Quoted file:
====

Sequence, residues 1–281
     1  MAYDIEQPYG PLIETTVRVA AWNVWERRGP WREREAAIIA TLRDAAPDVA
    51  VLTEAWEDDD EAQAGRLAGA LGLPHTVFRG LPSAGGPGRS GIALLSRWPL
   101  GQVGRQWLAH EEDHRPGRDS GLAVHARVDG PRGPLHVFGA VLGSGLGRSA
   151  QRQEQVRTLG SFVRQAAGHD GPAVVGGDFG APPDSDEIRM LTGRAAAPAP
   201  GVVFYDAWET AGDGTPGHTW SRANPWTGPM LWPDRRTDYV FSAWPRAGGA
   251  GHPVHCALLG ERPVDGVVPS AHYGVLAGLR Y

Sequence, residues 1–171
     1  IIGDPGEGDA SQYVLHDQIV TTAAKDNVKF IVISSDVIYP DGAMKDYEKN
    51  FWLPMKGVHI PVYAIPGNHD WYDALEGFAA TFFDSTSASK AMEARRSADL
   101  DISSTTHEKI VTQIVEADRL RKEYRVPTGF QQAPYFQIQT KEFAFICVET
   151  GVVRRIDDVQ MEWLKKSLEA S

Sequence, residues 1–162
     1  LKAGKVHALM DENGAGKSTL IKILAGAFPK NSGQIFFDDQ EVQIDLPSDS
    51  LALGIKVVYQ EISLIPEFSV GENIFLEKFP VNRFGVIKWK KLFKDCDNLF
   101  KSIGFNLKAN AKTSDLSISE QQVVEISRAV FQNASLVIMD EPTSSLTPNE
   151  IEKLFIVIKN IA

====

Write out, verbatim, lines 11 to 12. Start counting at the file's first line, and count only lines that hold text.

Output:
   101  DISSTTHEKI VTQIVEADRL RKEYRVPTGF QQAPYFQIQT KEFAFICVET
   151  GVVRRIDDVQ MEWLKKSLEA S